36. Was J. Frank Norris a "Bible--Corrector" for saying that the correct
rendering of John 3:5 should be "born of water and the Spirit," and for
saying "repent and turn" in Acts 26:20 should be "repent, even turn"
(Norris-Wallace Debate, 1934, pp. 108, 116?

             Answer: Yes! Also, he was a "choir-cusser" for cussing out the
choir. Still, there is such a thing as an explanatory - "and," unless God
"and" the father are different Beings. (see 37)

37. Was R. A. Torrey "lying" when he said the following in 1907: "No one,
so far as I know, holds that the English translation of the Bible is
absolutely infallible and inerrant. The doctrine held by many is that the
Scriptures as originally given were absolutely infallible and inerrant,
that our English translation is a substantially accurate rendering of the
scriptures as originally given."? (Difficulties in the Bible, p. 17).

             Answer: He was not lying inasmuch as his qualification, "so
far as I know." Yet, the rest of his words, "no one . . . holds that . .
. " should have also been qualified and certainly should never be applied
to lay--folk, most of which lived in "Podunk Holler" and never knew any
other Bible than the KJB. To manipulate the case that there was no KJB
issue among ordinary believers during that time is a disproportionate
exaggeration, which distorts and misrepresents that particular time.
Torrey, no doubt was referring to many of his favorite scholars of that
period. His statement "substantially accurate," although short of lying,
matches the weasel wording that we hear today. That is to be expected from
an R.V. man who believed in a goose-bumpy, willey-nilley, Holy Ghost baptism?

38. Is Evangelist Don Edwards correct "in favor of canonizing" our KJV,
thus replacing the inspired canon in Hebrew and Greek (THE FLAMING TORCH,
June 1989, p.6)?

             Answer: This is a very funny question in the light that Gary
Hudson has repudiated any and all inspired or infallible texts today. In
fact, he tells us that he never believed in one. Canonization means to
approve a standard or criterion. God is the only One capable of canonizing
any Bible. Besides, we are not in favor of repeating something that God has
already done. We believe Don meant well. Our friends should be lenient and
give Don time to get stronger on this.

39. Did God supernaturally "move His word from the original languages to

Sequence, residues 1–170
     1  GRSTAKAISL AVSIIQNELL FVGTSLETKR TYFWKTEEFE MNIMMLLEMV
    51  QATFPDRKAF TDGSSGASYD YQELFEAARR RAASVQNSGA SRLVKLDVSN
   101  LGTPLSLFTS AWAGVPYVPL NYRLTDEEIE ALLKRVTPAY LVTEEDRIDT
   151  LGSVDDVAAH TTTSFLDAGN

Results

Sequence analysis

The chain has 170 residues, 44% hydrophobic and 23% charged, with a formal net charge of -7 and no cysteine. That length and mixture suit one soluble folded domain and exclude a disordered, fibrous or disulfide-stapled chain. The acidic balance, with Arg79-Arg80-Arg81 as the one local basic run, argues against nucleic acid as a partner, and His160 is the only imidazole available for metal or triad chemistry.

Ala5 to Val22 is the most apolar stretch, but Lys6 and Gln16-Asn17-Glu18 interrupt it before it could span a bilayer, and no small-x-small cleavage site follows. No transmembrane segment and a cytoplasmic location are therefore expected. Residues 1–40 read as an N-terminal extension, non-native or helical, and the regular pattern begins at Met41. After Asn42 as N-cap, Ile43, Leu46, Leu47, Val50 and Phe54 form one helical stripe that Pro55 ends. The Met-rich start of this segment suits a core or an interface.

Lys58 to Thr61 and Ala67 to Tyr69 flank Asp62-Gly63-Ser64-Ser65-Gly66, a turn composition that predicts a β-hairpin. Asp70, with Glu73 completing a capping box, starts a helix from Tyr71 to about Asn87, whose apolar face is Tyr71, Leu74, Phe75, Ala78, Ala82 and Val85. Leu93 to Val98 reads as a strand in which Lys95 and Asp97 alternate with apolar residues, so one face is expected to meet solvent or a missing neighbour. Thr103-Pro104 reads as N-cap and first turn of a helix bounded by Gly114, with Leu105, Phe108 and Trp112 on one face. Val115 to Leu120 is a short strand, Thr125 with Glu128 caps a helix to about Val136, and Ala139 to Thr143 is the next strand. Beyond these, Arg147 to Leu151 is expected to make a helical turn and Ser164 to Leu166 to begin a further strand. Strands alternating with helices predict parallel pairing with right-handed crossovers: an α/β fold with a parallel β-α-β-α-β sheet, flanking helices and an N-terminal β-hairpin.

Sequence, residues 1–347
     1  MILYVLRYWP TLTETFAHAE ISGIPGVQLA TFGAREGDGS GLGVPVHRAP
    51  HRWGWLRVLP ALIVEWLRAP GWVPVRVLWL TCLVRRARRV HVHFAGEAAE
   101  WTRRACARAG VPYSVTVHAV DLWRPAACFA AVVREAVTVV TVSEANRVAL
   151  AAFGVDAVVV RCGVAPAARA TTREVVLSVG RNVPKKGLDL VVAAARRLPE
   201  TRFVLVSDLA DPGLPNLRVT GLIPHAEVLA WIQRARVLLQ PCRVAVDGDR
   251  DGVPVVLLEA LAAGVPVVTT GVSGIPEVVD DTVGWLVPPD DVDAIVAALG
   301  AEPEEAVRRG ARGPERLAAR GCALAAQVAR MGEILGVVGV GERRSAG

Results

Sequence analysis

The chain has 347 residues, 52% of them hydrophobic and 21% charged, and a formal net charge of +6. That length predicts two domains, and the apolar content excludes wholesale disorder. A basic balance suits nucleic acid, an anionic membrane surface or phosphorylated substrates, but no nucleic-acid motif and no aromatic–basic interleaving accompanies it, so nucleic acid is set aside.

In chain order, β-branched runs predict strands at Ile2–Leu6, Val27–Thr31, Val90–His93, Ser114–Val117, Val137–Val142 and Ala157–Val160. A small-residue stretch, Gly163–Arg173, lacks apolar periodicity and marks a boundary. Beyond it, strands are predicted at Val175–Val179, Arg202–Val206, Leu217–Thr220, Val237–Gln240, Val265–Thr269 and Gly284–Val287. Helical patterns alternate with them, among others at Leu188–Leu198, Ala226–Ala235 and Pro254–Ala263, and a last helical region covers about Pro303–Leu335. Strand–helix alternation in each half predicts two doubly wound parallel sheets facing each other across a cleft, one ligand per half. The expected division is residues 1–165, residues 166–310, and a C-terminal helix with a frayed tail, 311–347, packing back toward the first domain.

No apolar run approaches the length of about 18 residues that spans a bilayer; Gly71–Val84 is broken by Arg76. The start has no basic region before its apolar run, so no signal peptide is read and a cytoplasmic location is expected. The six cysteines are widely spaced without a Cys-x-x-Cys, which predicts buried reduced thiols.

English" in 1611 as affirmed by THE FLAMING TORCH, June 1989, p. 6?

             Answer: Did God supernaturally "move His word from the KOINE
Greek to the BYZANTINE Greek?" Either God was involved in the production of
the King James Bible and the sinking of the Spanish Armada or he was not.
If He was involved, He was supernaturally involved. He is a supernatural
Being and does things supernaturally.


             It should be very obvious to the reader that these questions
have very little to do with scripture or scriptural support for the Bible
Corrector's position. Only questions 7, 8, 9, and 20 contain any scriptural
argument at all. The other references to scripture, 21, 22, 27, 28, 29, 30,
31, 32, 33, and 34 are merely attacks on these passages, a practice not
found among the prophets, Christ, nor the apostles (if you want Baptist

             Now, here is the faulty reasoning of Bible Correctors: 1. If
there were no perfect English Bible, at a certain date, there cannot be a
perfect English Bible now. 2. Because, at a certain date, folk had to use
the best available English Bibles, which were not absolutely perfect but
extremely good, it is all right to use English bibles, which are inferior
to the perfect King James Bible. Apples and oranges!!!

             Now, answering most of these 39 questions was not very hard -
only time consuming. We await Gary Hudson's and Chris McHugh's answers to
their own questions. Do you think they will answer them? Chris McHugh has
another Nine Questions that he authors. We have answered those questions
also under the title, Answering McHugh's Nine Theses. Originally, we
printed our "Forty Save One" in booklet form. It is now out of print.
Nothing has changed much in twelve years.